What Is DPA?
DPA stands for Data Protection Act. It is a law in the UK.
There are actually two Data Protection Acts. The original Data Protection Act was brought in in 1998 and updated in the Data Protection Act 2018, which is the UK’s implementation of the General Data Protection Regulation (GDPR).
DPA has a number of provisions that relate to call centres.
The most important provisions are:
- You must keep customers’ data secure
- Data can only be secured for a ‘reasonable’ period of time so that call centres have to periodically trim their records.
- You cannot sell on or transfer a customer’s data without their permission.
- The customer has a right not to have their data stored in the contact centre.
- Customers are able to ask for all of the information that you hold on them – without charge. This includes call recordings.
You Need to Make Sure You Are Speaking to the Right Person
The trigger point is normally at the moment when the caller requests personal information, such as an account balance or change of address.
This is personal information and should not be given to a third party without their approval. At this moment you need to be sure that you are speaking to the right person and so would need to validate them.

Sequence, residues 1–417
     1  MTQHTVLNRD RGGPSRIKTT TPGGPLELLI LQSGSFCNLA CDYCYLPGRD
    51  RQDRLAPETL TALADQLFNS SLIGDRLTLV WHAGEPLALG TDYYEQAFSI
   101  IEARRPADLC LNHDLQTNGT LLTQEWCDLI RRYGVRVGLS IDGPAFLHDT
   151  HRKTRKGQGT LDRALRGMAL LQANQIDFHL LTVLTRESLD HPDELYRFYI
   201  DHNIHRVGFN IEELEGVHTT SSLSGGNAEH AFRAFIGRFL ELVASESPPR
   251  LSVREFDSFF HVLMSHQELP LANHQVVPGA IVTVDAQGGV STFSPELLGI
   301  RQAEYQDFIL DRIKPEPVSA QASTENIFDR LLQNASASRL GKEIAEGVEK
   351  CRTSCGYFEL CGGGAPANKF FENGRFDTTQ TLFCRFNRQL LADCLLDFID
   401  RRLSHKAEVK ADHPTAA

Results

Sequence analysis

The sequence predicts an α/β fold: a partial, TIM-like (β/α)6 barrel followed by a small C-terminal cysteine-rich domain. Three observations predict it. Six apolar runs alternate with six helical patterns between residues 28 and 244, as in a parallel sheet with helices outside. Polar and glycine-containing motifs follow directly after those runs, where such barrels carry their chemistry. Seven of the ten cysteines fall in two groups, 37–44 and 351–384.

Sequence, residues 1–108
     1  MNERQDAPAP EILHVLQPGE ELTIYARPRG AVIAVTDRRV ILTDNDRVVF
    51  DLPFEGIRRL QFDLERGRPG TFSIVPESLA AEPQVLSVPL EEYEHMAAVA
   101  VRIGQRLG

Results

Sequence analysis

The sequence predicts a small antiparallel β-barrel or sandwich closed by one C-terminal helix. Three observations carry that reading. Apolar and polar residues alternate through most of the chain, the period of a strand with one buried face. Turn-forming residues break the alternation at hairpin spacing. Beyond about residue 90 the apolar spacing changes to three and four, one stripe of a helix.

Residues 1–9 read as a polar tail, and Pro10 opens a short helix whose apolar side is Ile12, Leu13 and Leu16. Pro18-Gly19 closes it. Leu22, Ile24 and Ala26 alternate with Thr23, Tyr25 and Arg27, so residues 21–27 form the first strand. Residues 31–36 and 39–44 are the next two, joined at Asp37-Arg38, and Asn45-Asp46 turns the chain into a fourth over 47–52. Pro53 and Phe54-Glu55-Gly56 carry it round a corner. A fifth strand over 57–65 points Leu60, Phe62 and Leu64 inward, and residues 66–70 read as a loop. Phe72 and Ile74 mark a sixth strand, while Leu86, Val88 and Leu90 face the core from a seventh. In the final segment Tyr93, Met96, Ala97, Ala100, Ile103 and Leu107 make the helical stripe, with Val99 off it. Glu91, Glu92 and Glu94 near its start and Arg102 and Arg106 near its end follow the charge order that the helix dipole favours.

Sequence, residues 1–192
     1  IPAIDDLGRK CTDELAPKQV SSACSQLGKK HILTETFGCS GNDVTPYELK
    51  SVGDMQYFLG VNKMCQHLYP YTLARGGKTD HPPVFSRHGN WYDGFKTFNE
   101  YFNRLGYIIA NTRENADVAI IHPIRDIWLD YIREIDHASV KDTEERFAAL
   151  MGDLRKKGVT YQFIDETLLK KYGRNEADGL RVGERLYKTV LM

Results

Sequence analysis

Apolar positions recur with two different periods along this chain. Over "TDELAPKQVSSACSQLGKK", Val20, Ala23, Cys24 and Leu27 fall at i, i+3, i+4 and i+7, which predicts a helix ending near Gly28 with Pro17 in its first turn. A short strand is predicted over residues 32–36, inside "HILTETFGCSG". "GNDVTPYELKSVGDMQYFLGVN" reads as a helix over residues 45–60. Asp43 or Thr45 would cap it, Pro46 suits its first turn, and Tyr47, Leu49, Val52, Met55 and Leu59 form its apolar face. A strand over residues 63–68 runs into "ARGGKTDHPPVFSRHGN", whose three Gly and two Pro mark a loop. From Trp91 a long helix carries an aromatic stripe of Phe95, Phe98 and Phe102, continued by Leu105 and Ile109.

If they are just calling up for general advice, such as what are your charges, travel times etc, then you would not need to validate them unless it only applied to their specific case.
The term DPA often refers to GDPR (the General Data Protection Regulation), which was an EU-originated piece of legislation.
The key provision is that customers are able to ask for all of the information that you hold on them – without charge. This includes call recordings.
“The customer asked for a DPA”. i.e. the customer asked for their records or call recordings to be sent to them.
To find out more about DPA and GDPR, read these next: